ALBUQUERQUE, N.M. — Nothing Albuquerque Mayor Tim Keller has announced in recent months has prompted a bigger reaction – at least on Facebook – than last week’s joint news release with Gov. Michelle Lujan Grisham that Expo New Mexico would temporarily shelter asylum-seeking migrants on its Albuquerque property.
While the city says it is not contributing financially to open Expo’s dormitories to the migrants passing through town on their way to meet sponsors elsewhere, city staff is providing coordination assistance.
Mayor Keller’s Facebook post on the subject last Tuesday generated over 1,100 reactions, predominantly supportive thumbs-ups and hearts.
But it also garnered several critical comments asking what the city was doing to help the local homeless population.
The mayor reminded us over the next few days what he’s been doing on that front.
On Wednesday, Keller’s office issued a news release about the city capital improvement plan going to voters this fall. Drafted by Keller’s administration, amended and approved by City Council and ultimately signed by Keller, the plan totals $128 million. Though the money is spread across road projects, public safety initiatives and parks, the single largest line item is $14 million to build a 24/7 centrally located homeless shelter.
Then on Thursday, Keller tweeted that “homelessness is one of Albuquerque’s biggest challenges. Our proposed budget aims to help more families get and stay housed.” The tweet linked to his Facebook page and a video of Keller and the city’s Deputy Director of Housing and Homelessness, Lisa Huval. Standing in Coronado Park, they discussed the city’s recent move to keep its West Side emergency shelter open on a year-round basis, Keller’s fiscal year 2020 budget proposal to expand funding for housing vouchers and the aformentioned centralized shelter plan.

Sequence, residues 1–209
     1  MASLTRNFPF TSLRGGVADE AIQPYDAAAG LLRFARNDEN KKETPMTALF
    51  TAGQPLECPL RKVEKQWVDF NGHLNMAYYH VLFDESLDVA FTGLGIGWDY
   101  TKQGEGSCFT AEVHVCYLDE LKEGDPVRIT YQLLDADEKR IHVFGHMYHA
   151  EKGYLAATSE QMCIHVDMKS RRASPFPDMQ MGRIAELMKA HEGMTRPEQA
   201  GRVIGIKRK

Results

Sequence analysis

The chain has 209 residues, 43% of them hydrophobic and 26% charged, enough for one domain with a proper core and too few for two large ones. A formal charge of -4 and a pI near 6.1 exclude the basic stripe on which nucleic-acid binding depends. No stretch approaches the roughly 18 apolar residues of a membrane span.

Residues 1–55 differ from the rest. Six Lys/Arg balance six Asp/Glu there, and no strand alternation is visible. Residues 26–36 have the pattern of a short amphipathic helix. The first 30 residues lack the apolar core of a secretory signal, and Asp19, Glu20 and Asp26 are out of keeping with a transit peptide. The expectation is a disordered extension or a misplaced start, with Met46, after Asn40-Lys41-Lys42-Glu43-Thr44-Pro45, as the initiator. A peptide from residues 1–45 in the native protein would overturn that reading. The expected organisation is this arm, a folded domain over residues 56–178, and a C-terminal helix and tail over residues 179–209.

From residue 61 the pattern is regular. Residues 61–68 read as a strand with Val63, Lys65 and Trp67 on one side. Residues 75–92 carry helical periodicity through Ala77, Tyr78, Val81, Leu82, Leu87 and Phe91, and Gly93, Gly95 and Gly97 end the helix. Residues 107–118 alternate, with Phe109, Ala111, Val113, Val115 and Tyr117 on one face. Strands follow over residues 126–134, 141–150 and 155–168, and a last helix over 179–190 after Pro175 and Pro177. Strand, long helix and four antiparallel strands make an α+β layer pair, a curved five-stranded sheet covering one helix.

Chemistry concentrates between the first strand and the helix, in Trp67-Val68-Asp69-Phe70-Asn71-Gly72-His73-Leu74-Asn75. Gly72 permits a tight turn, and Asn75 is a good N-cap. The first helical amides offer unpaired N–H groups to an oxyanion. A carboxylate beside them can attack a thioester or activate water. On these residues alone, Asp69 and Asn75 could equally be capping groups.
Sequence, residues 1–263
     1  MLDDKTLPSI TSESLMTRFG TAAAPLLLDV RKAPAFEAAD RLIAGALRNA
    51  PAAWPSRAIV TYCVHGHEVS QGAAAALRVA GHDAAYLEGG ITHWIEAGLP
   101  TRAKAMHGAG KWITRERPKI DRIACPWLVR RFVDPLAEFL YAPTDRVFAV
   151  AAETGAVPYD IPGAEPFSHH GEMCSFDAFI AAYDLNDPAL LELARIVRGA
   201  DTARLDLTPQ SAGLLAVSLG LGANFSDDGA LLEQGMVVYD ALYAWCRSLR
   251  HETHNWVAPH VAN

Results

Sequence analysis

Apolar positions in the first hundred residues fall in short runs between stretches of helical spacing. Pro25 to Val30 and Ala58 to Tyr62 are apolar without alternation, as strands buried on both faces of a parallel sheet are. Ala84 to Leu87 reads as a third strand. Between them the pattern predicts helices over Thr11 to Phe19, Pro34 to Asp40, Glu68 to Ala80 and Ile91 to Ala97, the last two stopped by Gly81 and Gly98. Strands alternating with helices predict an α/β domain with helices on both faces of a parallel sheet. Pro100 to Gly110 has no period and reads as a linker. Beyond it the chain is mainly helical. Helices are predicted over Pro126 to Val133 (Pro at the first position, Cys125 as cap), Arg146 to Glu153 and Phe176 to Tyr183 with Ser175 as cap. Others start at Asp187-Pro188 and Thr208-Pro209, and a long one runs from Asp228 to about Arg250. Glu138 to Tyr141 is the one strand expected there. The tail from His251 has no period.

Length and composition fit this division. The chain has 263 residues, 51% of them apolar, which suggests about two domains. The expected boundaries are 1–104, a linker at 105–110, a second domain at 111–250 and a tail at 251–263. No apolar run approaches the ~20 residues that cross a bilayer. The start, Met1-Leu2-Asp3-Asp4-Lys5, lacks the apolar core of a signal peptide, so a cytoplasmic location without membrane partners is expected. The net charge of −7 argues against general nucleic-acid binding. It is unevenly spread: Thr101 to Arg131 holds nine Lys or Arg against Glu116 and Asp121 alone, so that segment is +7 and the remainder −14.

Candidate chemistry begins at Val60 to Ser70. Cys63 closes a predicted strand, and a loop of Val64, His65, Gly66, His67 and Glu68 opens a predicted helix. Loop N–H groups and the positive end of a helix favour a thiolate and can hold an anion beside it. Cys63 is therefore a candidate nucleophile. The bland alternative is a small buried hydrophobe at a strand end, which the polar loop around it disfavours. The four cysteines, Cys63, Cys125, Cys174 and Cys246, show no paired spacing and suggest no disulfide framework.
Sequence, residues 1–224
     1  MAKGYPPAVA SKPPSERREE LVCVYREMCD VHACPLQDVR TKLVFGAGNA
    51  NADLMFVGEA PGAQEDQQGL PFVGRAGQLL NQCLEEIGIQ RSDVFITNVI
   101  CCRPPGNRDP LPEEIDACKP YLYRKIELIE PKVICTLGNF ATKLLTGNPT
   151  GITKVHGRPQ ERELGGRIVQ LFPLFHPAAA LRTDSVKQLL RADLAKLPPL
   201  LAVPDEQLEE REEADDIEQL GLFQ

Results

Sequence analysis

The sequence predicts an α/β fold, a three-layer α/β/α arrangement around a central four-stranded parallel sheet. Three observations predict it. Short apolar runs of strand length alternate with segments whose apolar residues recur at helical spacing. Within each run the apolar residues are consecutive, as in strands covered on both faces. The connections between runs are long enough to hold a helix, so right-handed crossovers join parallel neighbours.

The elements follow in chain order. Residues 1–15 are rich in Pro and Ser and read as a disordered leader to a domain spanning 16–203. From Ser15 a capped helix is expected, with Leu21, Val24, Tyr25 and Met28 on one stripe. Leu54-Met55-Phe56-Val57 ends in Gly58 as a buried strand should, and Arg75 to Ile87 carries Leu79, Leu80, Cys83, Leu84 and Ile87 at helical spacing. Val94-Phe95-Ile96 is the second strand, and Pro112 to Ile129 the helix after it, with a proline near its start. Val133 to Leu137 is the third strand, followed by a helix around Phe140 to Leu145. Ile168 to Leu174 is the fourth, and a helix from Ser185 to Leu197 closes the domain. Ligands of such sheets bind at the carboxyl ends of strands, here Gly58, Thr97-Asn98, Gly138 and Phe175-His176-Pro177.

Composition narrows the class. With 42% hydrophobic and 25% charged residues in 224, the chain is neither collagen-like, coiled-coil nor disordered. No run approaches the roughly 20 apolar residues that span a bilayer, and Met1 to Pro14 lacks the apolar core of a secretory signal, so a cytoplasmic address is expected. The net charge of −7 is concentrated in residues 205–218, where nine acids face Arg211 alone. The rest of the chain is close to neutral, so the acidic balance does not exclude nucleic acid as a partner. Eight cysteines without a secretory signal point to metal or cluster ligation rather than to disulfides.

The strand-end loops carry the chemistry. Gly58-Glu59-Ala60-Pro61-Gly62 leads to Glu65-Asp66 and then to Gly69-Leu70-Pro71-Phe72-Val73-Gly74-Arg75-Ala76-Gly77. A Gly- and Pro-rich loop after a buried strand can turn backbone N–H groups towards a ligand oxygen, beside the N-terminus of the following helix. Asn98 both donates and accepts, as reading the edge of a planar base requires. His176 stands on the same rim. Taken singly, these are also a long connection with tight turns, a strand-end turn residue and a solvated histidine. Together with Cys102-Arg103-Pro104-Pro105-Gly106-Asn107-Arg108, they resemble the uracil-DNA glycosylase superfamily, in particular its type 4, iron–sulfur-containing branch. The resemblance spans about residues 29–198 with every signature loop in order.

“Hopefully, with those three initiatives, we’re able to make a dent in some of our homeless challenges,” Keller said in the video.
SECOND GETS A HAND: Bernalillo County last week announced the completion of $8.5 million worth of work on Second Street SW, including sidewalks, storm drainage and a new multiuse trail between Mountain View Elementary School and the Valle de Oro Wildlife Refuge.
A second phase of the Second Street project will extend similar improvements northward to Rio Bravo, the county said.
QUOTE OF THE WEEK: “An officer on a bike can get into all the nooks and crannies, and we know that Central is full of nooks and crannies and that’s where stuff happens usually.” – Ripe Inc.’s Len Romano at a news conference announcing four city councilors’ proposal to dedicate up to $1.5 million in the 2020 budget for bicycle police and marketing help along Central Avenue.
Romano was among several businesspeople who had contacted city officials to request more security in the area.
Jessica Dyer: email@example.com